Wal-Mart Sets Outside Offerings in Online Mall

Image via Wikipedia SEPTEMBER 1, 2009 BY MIGUEL BUSTILLO AND GEOFFREY A. FOWLER Wal-Mart Stores Inc., borrowing a page from Inc., Monday began offering merchandise from lesser-known retailers on its Web site in exchange for a share of the revenue. The world's largest retailer by revenue said it added nearly one million new items to from other sellers as part of a new online mall, known ... (WSJ password required)

Lobster wars rock remote Maine island

Image by Getty Images via Daylife Sep 4 01:05 PM US/Eastern By CLARKE CANFIELD Associated Press Writer MATINICUS ISLAND, Maine (AP) - Life here is defined by the ocean. It's the ocean that feeds the livelihoods of the lobstermen. It's the ocean that dictates the weather. And it's 20 miles of ocean that separates Matinicus from the mainland and makes it a world apart. The ocean's bountiful waters have also been a source of strife here for as long as anyone can remember. Lobster fishermen have feuded for generations over who can set traps, and where. To protect their fishing grounds, the lobstermen here have been known to cut trap lines, circle their boats menacingly around unwelcome vessels and fire warning blasts from shotguns. With lobster prices down, the animosity has been particularly shrill this summer ......

Homer's ice plant nears record year

Story last updated at 7:55 PM on Wednesday, September 2, 2009  By Aaron Selbig Staff Writer A busy season for halibut and black cod has meant a brisk business this year for Homer's municipal-owned ice plant, which is nearing its record annual ice sales with 3,458 tons of ice -- worth about $400,000 -- sold since March. "We've done very well this year. Sales are high at the ice plant and the fish dock is very busy, too," said Homer Harbormaster and Port Director Bryan Hawkins..............   Photo by Aaron Selbig J.J. Lee (left) works quickly to clean a load of fresh caught halibut at the Homer Fish Dock May 23.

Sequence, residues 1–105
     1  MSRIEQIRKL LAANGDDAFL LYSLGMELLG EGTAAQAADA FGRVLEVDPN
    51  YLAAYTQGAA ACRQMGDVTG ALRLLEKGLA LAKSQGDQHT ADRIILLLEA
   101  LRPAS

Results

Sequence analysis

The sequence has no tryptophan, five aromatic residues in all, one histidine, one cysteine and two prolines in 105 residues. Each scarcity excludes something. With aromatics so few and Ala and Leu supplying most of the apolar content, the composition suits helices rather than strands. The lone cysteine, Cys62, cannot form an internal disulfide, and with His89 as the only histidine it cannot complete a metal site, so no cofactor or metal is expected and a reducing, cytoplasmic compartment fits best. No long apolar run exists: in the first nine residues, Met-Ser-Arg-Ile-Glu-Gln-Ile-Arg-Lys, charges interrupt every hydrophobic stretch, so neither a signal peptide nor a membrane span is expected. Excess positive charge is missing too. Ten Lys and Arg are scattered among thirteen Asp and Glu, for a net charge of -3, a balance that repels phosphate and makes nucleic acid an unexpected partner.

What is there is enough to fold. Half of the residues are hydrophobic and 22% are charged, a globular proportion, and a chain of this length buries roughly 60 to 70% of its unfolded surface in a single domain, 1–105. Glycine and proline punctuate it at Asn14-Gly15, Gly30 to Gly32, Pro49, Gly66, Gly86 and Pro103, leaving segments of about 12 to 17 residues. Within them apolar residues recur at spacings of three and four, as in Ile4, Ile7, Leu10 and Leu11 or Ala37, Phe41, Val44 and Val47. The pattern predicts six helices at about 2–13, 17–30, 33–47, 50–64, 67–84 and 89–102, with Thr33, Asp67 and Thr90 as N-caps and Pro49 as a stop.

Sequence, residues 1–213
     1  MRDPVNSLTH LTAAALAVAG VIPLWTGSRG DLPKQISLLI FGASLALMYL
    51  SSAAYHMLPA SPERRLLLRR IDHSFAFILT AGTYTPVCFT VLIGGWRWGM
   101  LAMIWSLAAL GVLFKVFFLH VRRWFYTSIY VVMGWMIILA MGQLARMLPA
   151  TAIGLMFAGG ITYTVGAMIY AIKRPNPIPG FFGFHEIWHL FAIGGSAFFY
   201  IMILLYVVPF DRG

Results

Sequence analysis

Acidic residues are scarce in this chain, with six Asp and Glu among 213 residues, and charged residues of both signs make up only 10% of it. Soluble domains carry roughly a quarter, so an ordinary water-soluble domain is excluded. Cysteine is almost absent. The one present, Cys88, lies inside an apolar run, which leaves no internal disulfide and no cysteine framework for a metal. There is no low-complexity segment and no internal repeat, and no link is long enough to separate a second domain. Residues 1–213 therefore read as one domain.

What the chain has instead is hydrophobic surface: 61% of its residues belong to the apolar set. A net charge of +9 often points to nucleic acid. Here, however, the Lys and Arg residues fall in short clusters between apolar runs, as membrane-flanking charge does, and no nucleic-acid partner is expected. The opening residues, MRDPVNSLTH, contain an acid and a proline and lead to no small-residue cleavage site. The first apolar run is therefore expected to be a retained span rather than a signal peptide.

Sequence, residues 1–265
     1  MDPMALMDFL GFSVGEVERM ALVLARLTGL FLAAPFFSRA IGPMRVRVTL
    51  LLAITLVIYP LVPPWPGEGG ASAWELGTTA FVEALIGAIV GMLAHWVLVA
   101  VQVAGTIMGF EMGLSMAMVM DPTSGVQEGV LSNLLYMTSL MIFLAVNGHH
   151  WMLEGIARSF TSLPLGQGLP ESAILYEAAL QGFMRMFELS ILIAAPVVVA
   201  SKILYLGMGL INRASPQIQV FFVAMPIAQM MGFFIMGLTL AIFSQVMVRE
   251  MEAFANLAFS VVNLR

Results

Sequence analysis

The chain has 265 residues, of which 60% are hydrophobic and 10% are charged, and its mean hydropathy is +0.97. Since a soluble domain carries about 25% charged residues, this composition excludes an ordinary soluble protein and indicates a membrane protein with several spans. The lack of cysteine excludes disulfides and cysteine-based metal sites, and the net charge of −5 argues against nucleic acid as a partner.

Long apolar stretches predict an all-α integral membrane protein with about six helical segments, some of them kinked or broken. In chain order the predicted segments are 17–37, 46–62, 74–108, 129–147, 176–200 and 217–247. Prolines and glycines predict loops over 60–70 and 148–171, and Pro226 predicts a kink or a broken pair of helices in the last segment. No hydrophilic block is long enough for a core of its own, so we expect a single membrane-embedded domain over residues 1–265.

Canada files protest over U.S. fishing ban in Arctic Ocean

By Randy Boswell, Canwest News Service September 3, 2009 4:02 PM   The ice is too thin for sleds and the water too full of ice for boats in much of the Arctic, making fishing impossible for much of the year. Photograph by: Allagui, Agence France-Presse; Getty Images, Agence France-Presse Image via Wikipedia Canada has lodged a diplomatic protest with the U.S. government over its unilateral imposition of a fishing ban in a part of the Arctic Ocean claimed by both countries, Canwest News Service has learned. The new flare-up in a long-simmering territorial dispute over a 21,436-square-kilometre section of the Beaufort Sea has come to light less than two weeks before Prime Minister Stephen Harper is scheduled to visit U.S. President Barack Obama at the White House. Canada formally voiced its objections to..........

I have been abducted by aliens, says Japan's first lady

(Oh, and she also knew Tom Cruise in a previous life) By Peter Popham   Thursday, 3 September 2009 Japan's new Prime Minister, Yukio Hatoyama, with his wife, Miyuki, in the early days of their marriage Move over Michelle, watch your backs, Carla and Sarah. There's a new kid on the first lady block, and she looks like upstaging the lot of you. Miyuki Hatoyama, wife of Japan's Prime Minister-elect, Yukio Hatoyama, is a lifestyle guru, a macrobiotics enthusiast, an author of cookery books, a retired actress , a divorcee, and a fearless clothes horse for garments of her own creation, including a skirt made from Hawaiian coffee sacks. But there is more, much more. She has travelled to the planet Venus . And she was once abducted by aliens . The 62-year-old also knew Tom Cruise ..............

Video: MIT robofish set to snoop the deep seas

Posted on Engadget by Vladislav Savov posted Sep 2nd 2009 at 6:39AM MIT has been at this robotic fish lark for a long , long time, and its latest iteration is a true testament to all the effort and energy put in. The first........

Fishermen concerned over DOT rule enforcement

PETERSBURG-AK (09/02/2009) Alaska’s Department of Transportation has been stepping-up enforcement of rules that cover many commercial fishing operations and other businesses when they haul gear and vessels on public roads. The regulations can also impact non-commercial drivers who transport boats or other loads that exceed size restrictions. State officials say the rules have long been in place to meet federal highway safety requirements. But the issue has prompted an outcry from some fishermen who say the rules are excessive and that concern has caught the attention of state lawmakers....... Audio >>